Welcome to our sermon archive, we hope you enjoy reading through our past sermons and if you have any questions please don't hesitate to contact us.
When you go to God with your joys and your distress, you get invited into Hannah’s song and Mary’s song. God has come: in Jesus we have God’s down-payment on the new creation, the first risen from the dead. We live in the reality of the kingdom which is breaking through. We can be expectant people – people of hope – because our expectation doesn’t rely on what we do or don’t do, but on what God has done and what God will do.
Driving in the North American winter requires a snow brush and ice scraper. We had the brush at one end and scraper at the other. When getting to your parked car, sometimes it is just snow that needs to be brushed off the windows and mirrors to be able to see to drive. Other times, when hard ice has formed on the windows, then there is need for a big scratching. Otherwise it is impossible to see.
I think Advent is like a scraper/brush, helping us to see, in this case to see Jesus clearly, to see how important his coming as a baby is, to see that he is the centre of Christmas celebration.
Jesus gets quite hidden in our Aussie culture. How can you help to make him more visible this Advent and Christmas season, so that more can see what a wonderful gift he is?
In many parts of the world, Lutherans celebrate Christ the King Sunday on the last Sunday of the church year.
This church remembrance started in 1925, by an initiative of the Roman Catholic Pope Pius XI. He hoped that this annual celebration would strengthen Christians as they gave their attention to Jesus being King of Kings and Lord of Lords.
Jesus’ style of rule often contrasts strongly with the kings or other leaders of the day, and our day too. Jesus’ rule is gentle and humble, demonstrated by washing feet, and having meals with those considered outcasts. It’s unlikely with these traits that he would be elected to any political office. Yet his authority is over all, including tyrants and dictators.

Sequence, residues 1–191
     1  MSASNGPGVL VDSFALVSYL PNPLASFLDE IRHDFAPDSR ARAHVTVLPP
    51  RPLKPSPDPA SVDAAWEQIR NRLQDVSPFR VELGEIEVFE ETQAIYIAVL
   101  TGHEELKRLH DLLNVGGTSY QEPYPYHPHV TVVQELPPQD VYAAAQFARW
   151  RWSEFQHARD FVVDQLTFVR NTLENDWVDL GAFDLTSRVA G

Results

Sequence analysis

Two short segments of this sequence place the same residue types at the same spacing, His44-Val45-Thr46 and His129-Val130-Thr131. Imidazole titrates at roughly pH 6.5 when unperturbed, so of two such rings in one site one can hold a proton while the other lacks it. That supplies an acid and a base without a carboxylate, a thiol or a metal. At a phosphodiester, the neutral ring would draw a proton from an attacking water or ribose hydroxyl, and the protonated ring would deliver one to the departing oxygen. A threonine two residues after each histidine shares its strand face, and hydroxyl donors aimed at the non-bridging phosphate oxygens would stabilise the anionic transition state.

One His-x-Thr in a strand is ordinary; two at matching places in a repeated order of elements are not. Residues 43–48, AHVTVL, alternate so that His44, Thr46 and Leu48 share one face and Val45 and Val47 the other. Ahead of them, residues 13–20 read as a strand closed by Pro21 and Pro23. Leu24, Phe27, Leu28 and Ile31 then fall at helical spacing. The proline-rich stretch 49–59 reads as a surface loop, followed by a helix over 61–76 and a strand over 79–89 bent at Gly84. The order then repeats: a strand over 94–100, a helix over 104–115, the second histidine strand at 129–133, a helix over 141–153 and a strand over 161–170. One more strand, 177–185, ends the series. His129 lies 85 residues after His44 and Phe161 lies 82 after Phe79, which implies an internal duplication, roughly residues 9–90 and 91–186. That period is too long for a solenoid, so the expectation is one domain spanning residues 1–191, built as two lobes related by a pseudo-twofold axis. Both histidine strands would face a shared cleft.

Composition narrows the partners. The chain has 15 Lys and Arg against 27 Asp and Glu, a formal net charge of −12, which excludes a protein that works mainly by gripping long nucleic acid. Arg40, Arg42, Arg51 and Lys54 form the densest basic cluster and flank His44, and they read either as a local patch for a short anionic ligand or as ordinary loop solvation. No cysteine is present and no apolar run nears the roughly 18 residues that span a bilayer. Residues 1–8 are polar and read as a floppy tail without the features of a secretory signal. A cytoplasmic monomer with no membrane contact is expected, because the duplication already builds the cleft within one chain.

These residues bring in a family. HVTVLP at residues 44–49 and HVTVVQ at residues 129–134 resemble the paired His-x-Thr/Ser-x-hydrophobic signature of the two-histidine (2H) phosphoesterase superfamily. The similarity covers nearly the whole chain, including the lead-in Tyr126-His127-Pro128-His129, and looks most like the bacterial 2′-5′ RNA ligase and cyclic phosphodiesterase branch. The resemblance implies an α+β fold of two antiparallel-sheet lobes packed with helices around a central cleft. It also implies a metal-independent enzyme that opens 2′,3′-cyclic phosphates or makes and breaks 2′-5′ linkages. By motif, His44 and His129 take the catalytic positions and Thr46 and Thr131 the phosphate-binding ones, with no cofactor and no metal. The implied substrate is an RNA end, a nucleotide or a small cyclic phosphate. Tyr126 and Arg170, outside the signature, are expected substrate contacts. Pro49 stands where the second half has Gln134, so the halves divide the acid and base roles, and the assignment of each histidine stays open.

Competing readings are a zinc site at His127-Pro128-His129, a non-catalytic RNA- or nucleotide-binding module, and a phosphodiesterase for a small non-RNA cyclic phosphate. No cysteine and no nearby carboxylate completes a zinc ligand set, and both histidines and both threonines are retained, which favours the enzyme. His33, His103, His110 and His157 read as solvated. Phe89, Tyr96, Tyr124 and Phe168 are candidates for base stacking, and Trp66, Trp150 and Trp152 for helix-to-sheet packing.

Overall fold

This knowledge has given Christians courage in many tough times, and given them strength to pray for the political and other leaders. That is our call too. We close the church year with Jesus’ power and direction.
For about 1300 years, All Saints Day has been celebrated on 1st November. In many countries and cultures people tend the graves of loved ones on this day.
At both our services we remember with picture and name those connected with our church community who have died since last All Saints Day. And we remember those near to us who had gone onto glory. We think of all the heavenly saints cheering on the earthly ones, us, encouraging us to persevere in faith, in mission.
We are thankful for the gift of worship together, of Holy Communion, which links the communion of saints in heaven and on earth.
This Sunday I will be getting you to practice putting the word ‘saint’ in front of your name. We are saints because we are covered by Jesus’ robe of righteousness, called to holy actions for others, and to the praise of God.
Martin Luther’s nickname was Mr Freedom. His last name sounded a lot like the Greek word for freedom. Luther ‘discovered’ or really ‘rediscovered’ the freedom of the Gospel, the amazing free gift of God’s grace through Jesus.
The Good News of Jesus’ freedom frees people from the power of sin and death, from bondage to all that is old and dead, freeing people to look beyond themselves to the needs of others. The Holy Spirit has led some people freed by Jesus to work for the reform of their society, freeing slaves, those bound by poverty. They have worked tirelessly to change unjust laws, and hearts.
I personally am very moved by the single-minded focus of William Wilberforce in working for the emancipation of slaves. Who are today’s reformers of society? How can we better support them, or be one?